Bladder Pain Syndrome – What is it?

Bladder pain syndrome is a relatively new diagnosis that was developed in the last few years from interstitial cystitis as our understanding of what is happening in the body has gotten better. Interstitial cystitis was thought to be a chronic infection of the bladder lining. It would give people an urgent need to pass urine, frequently needing to go to the toilet and it would have been accompanied by pain in the bladder region, perineum (between the legs) or in the urethra (tube from the bladder).

However, these symptoms went on longer than the infection should have and often after taking antibiotics. After many years of research it is understood that interstitial cystitis is much more complex and many people do not have a chronic infection in their bladder or urethral lining.

Therefore, a newer definition was developed which was Bladder Pain Syndrome. It is defined as pelvic pain lasting more than six weeks which gets worsening with bladder filling and improves with bladder emptying. It can give the person a persistent urge to urinate or increased urinary frequency and there may not be an identified bladder or urethral infection.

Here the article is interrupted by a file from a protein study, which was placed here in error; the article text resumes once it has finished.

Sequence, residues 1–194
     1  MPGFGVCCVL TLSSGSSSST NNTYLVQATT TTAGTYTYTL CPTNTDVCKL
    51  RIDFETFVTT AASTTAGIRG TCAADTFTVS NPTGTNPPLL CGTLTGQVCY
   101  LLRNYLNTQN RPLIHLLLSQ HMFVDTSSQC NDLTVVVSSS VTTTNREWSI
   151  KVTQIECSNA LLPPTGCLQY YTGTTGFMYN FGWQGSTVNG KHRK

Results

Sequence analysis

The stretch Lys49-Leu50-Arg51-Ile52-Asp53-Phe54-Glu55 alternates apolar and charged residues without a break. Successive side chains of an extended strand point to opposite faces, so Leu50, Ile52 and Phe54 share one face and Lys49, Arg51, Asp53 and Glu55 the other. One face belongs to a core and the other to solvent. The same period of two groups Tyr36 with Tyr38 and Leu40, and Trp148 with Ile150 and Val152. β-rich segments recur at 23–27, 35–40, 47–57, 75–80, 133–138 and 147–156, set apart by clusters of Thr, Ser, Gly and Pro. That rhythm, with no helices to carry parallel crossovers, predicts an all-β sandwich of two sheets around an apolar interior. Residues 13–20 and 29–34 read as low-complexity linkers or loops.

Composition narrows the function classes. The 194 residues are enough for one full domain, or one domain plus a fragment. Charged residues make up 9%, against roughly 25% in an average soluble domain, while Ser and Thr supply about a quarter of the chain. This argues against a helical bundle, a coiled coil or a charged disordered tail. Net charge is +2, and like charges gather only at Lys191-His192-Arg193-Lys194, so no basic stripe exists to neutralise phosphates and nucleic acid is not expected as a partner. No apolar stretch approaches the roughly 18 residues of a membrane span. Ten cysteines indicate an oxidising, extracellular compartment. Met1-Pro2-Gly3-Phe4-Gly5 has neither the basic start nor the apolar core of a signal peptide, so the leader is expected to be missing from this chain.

Bladder Pain Syndrome is very complex and for some reason which we are not exactly sure the brain thinks the bladder is under treat. This could be due to recurrent infection that has been fully treated or a trauma to the bladder or pelvic floor region. This means for treatment to be successfully you must sometimes treat not only the bladder but the pelvic floor muscles and the nervous system. Nobody experiences the same symptoms in the same way and some people have symptoms more severe than others. 

Who gets Bladder Pain Syndrome?

It effects mostly women in their childbearing years (20-60years) and there may be a slight genetic component to the syndrome. It can affect men however the ratio of women to men with the diagnosis is 10:1. It is a diagnosis of exclusion. What that means is that other more serious conditions need to be excluded first. This means for some people it can take a long time to receive the correct diagnosis and treatment. It is estimated in the UK that 2.6million women suffer from BPS. At present there doesn’t appear to be any statistics available for Ireland.

How can it be treated?

Following a diagnosis of Bladder Pain Syndrome the physiotherapy treatment is done in conjunction with your G.P. or specialist. From a physiotherapists perspective there are a variety of treatment options that can assist with symptoms remembering that everyone is different. The treatment is not just confined to the bladder or pelvic floor although that is part of the process.

The treatment options can include bladder retraining, physiotherapy exercises or massage to relax the muscles of the abdomen and pelvic floor, mindfulness or relaxation techniques, working with the individual to identify triggers or stress in their lives that may cause symptoms to flare up and looking at the diet to make sure there are to eliminate any foods that are bladder irritants.